Making Plans for the Summer

Where's mummy?  The lambing season is well under way.  The ewes are tethered wherever grazing is plentiful and the lambs romp around, dashing back to mum whenever they want a drink at the milk bar.

Wild clematis flowering on my fences.

My neighbour's doves.  They live in dovecots in his smallholding and he comes every day to train them.  They fly up in ever higher spirals and then come swooping down when he signals to them.

Another grey Monday but this time it seems all the rain fell over Rhodes and Turkey.  So far there hasn't been any here.

The first wild cyclamens are flowering in the Pedi valley. This picture is slightly fuzzy as it was a zoom from a long way off.  It is starting to look as though I may be needing to think about a new camera.

The magical miniature wiinter gardens of  stone crops, moss and tiny ferns are also flourishing.

An impressive lemon crop in Lieni, Chorio.

Looking across the harbour at Mavrovouni and the Drakounta valley from the top of the Kali Strata.  Nowhere is very far from anywhere else when you are on Symi, 

Harani and the Mouragio area of the harbour are deserted at this time of the year.

The view from the Symi Visitor Accommodation office seems to have a recurring fishy theme at the moment.
After a clear cold bright weekend we woke up to grey skies this morning.  It is raining everywhere around us except actually on Symi.  The weather is expected to clear tonight and remain dry for the rest of the week with moderate temperatures between 10 at night and 14 at midday.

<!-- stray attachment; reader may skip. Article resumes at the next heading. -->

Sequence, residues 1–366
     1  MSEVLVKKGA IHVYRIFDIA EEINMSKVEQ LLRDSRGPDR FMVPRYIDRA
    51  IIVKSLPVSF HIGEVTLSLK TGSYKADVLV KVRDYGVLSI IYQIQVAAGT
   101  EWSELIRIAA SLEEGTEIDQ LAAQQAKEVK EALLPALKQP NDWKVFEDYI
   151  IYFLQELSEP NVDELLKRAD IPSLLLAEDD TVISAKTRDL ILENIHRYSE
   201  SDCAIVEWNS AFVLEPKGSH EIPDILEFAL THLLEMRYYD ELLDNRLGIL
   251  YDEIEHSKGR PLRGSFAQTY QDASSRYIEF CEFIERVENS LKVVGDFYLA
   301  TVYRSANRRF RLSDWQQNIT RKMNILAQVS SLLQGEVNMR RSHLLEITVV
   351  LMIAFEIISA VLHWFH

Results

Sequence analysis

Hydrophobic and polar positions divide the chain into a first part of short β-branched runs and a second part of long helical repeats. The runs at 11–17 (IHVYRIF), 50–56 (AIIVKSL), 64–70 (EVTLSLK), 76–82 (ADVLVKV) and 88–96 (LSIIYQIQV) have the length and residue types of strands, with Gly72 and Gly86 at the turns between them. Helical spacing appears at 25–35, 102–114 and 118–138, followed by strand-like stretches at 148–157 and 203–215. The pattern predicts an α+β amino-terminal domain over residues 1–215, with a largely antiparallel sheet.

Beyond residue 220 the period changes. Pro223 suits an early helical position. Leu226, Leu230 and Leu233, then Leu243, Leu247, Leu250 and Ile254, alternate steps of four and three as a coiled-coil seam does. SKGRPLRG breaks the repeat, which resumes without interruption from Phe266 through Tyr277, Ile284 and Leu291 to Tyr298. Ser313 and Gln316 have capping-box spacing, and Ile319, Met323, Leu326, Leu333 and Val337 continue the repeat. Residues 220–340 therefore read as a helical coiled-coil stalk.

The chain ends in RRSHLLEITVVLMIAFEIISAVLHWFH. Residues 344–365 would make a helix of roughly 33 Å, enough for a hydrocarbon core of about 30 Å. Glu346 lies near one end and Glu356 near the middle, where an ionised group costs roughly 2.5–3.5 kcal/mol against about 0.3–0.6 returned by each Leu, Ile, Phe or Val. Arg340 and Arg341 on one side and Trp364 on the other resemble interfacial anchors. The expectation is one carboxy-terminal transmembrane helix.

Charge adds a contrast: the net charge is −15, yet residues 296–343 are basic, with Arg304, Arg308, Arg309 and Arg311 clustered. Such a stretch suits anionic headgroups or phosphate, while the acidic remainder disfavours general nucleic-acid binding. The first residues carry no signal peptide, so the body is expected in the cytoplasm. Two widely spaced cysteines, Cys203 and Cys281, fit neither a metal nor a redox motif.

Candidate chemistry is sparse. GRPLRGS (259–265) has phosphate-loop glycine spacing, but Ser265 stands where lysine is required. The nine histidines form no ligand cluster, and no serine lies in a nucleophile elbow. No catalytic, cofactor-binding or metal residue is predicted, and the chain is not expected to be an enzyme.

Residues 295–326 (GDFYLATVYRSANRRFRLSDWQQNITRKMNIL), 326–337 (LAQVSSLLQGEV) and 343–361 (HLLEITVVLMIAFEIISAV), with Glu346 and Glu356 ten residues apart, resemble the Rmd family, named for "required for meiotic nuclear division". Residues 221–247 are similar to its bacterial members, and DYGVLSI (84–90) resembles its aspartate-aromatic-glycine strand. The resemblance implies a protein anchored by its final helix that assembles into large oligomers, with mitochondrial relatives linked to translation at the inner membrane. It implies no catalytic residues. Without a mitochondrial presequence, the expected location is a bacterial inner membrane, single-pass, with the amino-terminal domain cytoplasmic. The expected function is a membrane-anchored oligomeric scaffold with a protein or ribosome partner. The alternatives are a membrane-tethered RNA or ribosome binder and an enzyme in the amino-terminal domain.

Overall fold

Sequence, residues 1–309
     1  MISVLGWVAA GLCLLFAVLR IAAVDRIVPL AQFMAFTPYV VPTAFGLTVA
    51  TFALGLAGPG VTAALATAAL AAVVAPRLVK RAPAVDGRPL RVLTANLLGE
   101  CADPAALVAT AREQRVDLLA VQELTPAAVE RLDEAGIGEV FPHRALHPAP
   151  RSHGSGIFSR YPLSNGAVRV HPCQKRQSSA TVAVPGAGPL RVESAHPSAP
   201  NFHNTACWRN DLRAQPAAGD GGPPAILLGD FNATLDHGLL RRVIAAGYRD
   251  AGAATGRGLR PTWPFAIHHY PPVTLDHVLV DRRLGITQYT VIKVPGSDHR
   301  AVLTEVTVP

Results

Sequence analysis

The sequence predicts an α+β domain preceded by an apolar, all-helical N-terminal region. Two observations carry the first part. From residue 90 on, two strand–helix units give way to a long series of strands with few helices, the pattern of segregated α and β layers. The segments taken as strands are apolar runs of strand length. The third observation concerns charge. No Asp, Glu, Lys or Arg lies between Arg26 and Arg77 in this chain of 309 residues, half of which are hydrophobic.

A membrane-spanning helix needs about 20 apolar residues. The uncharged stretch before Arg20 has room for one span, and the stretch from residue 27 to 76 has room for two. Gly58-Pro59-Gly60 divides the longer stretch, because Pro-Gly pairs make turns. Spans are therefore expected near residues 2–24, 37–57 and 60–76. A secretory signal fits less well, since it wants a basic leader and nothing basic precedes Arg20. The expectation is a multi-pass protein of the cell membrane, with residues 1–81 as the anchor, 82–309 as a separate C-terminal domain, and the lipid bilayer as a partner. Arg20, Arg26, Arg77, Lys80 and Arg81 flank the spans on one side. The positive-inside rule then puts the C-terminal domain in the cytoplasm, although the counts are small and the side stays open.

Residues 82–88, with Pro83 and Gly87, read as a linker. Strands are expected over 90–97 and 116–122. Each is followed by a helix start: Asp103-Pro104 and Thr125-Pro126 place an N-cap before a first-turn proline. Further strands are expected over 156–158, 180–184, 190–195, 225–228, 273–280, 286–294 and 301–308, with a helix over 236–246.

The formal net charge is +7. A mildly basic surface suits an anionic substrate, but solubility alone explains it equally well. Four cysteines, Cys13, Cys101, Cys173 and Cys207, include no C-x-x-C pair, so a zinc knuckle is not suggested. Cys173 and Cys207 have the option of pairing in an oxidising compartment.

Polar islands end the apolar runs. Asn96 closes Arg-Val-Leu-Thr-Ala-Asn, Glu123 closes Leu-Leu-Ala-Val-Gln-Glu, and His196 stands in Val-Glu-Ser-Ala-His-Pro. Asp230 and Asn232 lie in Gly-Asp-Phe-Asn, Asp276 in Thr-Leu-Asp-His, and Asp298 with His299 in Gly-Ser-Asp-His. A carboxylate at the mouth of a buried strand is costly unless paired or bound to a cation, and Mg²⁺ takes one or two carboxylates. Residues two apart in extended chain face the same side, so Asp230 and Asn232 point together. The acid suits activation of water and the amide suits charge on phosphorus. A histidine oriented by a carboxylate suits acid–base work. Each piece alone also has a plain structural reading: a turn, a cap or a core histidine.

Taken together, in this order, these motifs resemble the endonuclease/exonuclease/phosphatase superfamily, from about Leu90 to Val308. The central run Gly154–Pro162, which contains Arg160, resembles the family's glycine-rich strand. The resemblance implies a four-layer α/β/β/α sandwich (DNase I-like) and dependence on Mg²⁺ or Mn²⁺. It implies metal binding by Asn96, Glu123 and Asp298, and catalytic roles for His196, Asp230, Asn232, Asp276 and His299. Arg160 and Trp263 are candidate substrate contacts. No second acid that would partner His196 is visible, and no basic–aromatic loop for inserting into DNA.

The days are slowly lengthening and nature is waking up.  The first wild cyclamens are flowering in the valley, the wild clematis is covered in creamy bells and the citrus trees are weighed down with lemons. There is the feeling that things are starting to happen again.

The Blue Star put on a special trip on Sunday, returning this afternoon, to compensate for not being able to stop at Symi due to the heavy weather on Friday.

While Symi may still be hunkered down in winter mode, people are making plans for the summer and we are receiving lots of inquiries for July, August and September.  In a place like Symi where there are no big tourist developments and most tourist accommodation is in restored traditional houses, the early bird usually gets the pick of the bunch.  If you are thinking of coming to Symi this summer, don't put off booking for too long, particularly if you have very specific requirements. Email us for advice, rates and availability.

Have a good week.

Regards,
Adriana

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About this Blog

I sailed into Panormitis Bay, Symi, by chance one windy July day in 1993 and have been here ever since. The locals tell me that this is one of the miracles of St Michael of Panormitis. A BA graduate with majors in English, Philosophy and Classical Civilisation, the idea of living in what is to all intents and purposes an archaeological site appeals to me. Not as small as Kastellorizo, not as touristy as Rhodes, Symi is just the right size. I live on a small holding which my husband and I have reclaimed from a ruin of over-grazing and neglect and turned into a small oasis over the course of the past 22 years. I also work part-time for Symi Visitor Accommodation, helping independent travellers discover and enjoy Symi's simple pleasures for themselves.

This page is kindly sponsored by Wendy Wilcox, Symi Visitor Accommodation.


Adriana Shum

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